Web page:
Swan Song of Youth
Follies is a sad, lovely lament for time lost
by Rick Levin
Having just turned 40, Stephen Sondheim was working at the peak of his genius when he composed the songs for Follies, a time-tripping pastiche of musical theater that centers on a 1970s reunion of fan-tan girls (and their boys) who danced and sang for a New York revue in the years before the Second World War. It is a testament to Sondheims brilliance that, at a relatively young age, he was able to capture and give voice to the remorse and yearning and scuttled dreams suffered by times passage, and to do so in a manner at once stinging, elegiac and hilariously sad. Follies is about the fools gold of ones golden years. With a book by James Goldman, the musical is a teeming, tumultuous reverie haunted, quite literally, by the sweet ghost of youth and the regrets of choices turned down or shut out. It is a difficult but lovely work, rarely staged because its so tough to pull off ã especially for a small community theater living by its wits and hard work.
|Phyllis (Sharon Rosalyn Sless) and the boys in Follies|
The Very Little Theater, now in its 83rd year, is the oldest continuously running community theater west of the Mississippi. Im sure in that span of time Eugenes little theater that could has staged more than its share of off-kilter or mediocre plays, maybe even a few bonified fiascos. It happens. Which is all the more reason to celebrate and salute the enormously gutsy and ultimately successful bite director Michael Watkins and crew have taken out of Sondheims epic, kaleidoscopic musical. According to Watkins, the VLT production is “scaled down,” but even so the show is massive: Thirty-four actors swirling, singing, dancing, flirting, fighting and otherwise in constant flow on a small stage with a single set (that also accommodates a small orchestra). That Follies works at all under these restraints is impressive; that it works so well, achieving such grandeur and fluidity, is downright amazing.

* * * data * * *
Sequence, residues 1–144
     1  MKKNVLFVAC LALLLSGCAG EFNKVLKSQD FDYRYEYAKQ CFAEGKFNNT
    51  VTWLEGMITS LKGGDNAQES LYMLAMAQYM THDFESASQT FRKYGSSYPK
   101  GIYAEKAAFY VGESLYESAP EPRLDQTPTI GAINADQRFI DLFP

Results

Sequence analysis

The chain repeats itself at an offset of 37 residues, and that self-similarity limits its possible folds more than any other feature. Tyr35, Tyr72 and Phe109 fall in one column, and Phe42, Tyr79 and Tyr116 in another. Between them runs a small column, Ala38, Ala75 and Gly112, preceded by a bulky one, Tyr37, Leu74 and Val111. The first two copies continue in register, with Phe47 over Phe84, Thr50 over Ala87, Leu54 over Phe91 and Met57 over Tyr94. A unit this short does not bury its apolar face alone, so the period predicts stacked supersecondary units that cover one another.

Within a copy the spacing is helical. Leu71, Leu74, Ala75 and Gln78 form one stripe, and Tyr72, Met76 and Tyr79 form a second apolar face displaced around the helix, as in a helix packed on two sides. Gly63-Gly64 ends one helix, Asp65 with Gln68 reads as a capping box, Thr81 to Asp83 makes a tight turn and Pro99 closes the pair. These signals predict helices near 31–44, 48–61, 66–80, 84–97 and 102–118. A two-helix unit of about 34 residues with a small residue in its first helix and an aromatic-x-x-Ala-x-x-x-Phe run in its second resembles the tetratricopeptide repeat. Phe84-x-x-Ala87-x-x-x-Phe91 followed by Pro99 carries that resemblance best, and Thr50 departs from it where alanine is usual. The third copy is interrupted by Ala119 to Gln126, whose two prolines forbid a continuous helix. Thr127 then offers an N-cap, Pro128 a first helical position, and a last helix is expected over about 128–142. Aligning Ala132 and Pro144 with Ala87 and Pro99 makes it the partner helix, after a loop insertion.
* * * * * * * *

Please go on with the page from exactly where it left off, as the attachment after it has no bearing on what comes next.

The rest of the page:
Throughout the production, past and present occur simultaneously; everyone at the reunion is shadowed on stage by his or her younger self, a doppelganger that sometimes simply observes in wonder or, once in a while, takes over the scene in a sort of emotional flashback. Despite multiple sub-plots and tangents, Follies at its core is the story of two couples who, out of touch for years, come together to bid farewell to the soon-to-be-demolished theater where they first met: There is dreamy Sally (played by Sue Schroeder-White in the present, and Samantha Rose White in youth) and her aggrieved husband Buddy (Larry Kenton, and Colin Gray in youth); and sassy Phyllis (Sharon Rosalyn Sless, in youth Cate Wolfenbarger) and her dead-inside husband, Ben (Gene Chin, in youth Cody Mendonca). Among these four characters there were youthful indiscretions, betrayals, star-crossed affairs and jilted tangles. How these past foibles play out in the foursomes near-twilight years ã as greater or lesser follies of age ã provides the drama, humor and sadness of this excellent production.
Under Watkinss wise, elegant direction ã and thanks to a uniformly strong cast and great band ã Follies moves with a singular grace, and its a joy to see generations of actors inhabiting the stage together with such a winking, knowing confidence and ease. The music, of course, is sublime, with Sondheim reaching back into the age of burlesque, Big Band jazz and Tin Pan Alley (there is a stunning tap-dancing number). Sondheims lyrics, so well delivered here, speak to the wreckage of times wake with what can only be called a delicate cynicism, or a defeated triumph ã or, really, its just life, in all its rich, bittersweet pageantry. When Carlotta Campion (the completely amazing Peg Major, returned to the stage after years of directing) BRING’s down the house with “Im Still Here,” you feel it in your bones, and whatever it is you feel, its the opposite of folly. Its freedom.
Follies plays 8pm Thursdays through Saturdays, through April 2, with a matinee 2pm Sunday, March 20 & 27, at the Very Little Theatre, 2350 Hilyard; $13-$18; tickets at www.thevlt.com or 344-7751.